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BEND, OR -- Three dozen Bend residents turned out to speak to City Councilors during Wednesday's Septic to Sewer listening session. The Southeast Septic to Sewer project aims to help nearly 600 homes connect to the city’s sewer system. But, many testified that the cost of the switch is out of reach and should be shared by the whole city. 

County Commissioner Phil Henderson has lived in the area for 20 years. He calls it an expensive fix to a nonexistent problem, "Somebody testified that 'well, we don't want to be like La Pine.' La Pine and South County, the depth of the aquifer is much less, so you have a water problem, and a nitrogen loading problem - phosphorous. We don't really have that in our neighborhood."
Henderson says it would be cheaper for homeowners to maintain, and even replace, existing septic tanks. He asked Councilors to do more to help, "We're going to spend $50 million in our neighborhood, and $150 to $200 million for all this sewer. What have you done to lobby Salem about this rule? Because, I'm sure there are other cities, there are other people facing the same dilemma we're facing. And, it's extremely expensive to solve a problem that we don't really have." That led to a heated exchange with Councilor Barb Campbell who told the audience, "Ladies and gentlemen, this your County Commissioner. He is the person who will not give you a permit to replace your system. In the system, the county has to give you a permit in order to fulfill state law. Phil, are you lobbying the state to change the law so you guys don't have to enforce it?" He replied, "I'd be happy to lobby the state," as Mayor Pro Tem Sally Russell tried to regain control of the meeting saying, "This is not the time to have this conversation."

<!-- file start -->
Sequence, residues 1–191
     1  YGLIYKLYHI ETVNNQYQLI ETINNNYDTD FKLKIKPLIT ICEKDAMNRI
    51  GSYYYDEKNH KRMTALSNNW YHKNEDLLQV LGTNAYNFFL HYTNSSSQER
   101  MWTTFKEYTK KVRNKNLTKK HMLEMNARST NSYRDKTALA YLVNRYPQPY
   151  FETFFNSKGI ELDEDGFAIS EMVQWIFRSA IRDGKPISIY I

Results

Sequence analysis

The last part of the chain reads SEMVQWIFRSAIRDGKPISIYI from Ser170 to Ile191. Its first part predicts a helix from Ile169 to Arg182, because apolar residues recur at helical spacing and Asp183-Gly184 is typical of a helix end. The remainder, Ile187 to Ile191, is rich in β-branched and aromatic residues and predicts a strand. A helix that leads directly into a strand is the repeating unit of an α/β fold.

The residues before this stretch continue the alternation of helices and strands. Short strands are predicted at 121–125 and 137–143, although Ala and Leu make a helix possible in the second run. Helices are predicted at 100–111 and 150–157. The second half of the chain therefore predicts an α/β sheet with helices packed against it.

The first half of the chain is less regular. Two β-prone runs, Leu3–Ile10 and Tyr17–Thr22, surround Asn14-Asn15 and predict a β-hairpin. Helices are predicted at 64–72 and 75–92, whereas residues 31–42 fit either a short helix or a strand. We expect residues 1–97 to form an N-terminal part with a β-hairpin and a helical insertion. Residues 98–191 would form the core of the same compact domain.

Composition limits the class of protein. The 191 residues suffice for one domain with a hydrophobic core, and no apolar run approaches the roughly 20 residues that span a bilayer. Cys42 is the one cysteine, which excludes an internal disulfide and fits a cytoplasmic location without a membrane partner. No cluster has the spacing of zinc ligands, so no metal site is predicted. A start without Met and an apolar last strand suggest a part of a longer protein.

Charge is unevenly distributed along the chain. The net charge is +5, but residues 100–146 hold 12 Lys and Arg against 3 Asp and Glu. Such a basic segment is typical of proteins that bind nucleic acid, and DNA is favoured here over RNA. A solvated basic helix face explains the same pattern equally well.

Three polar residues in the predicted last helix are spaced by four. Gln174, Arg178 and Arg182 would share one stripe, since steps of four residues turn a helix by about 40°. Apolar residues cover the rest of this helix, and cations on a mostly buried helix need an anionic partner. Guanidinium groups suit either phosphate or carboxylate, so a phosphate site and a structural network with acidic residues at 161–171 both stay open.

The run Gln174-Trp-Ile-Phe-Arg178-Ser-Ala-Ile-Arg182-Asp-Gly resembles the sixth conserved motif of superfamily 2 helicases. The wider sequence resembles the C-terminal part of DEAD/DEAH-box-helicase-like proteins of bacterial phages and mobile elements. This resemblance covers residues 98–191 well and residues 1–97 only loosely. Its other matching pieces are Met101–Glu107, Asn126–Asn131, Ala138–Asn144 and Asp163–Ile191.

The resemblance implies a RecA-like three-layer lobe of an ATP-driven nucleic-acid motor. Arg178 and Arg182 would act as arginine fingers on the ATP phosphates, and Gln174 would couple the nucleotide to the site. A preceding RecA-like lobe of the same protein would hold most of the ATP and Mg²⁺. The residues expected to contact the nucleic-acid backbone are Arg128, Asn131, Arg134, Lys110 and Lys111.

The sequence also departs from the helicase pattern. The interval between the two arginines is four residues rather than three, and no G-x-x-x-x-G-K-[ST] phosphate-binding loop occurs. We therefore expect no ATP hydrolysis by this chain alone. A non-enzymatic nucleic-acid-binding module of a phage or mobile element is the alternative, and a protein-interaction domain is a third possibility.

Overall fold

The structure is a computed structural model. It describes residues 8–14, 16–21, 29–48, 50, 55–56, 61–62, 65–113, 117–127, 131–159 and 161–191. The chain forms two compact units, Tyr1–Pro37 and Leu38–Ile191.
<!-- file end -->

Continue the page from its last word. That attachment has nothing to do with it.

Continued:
Bend City Manager Eric King talked in more detail about the Septic to Sewer Project and the controversy surrounding its cost, Thursday on KBND's Morning News. Click HERE to listen to the full conversation. Another meeting on the project is scheduled for August 29 at the Bend Senior Center, from 6:30 to 9 p.m.

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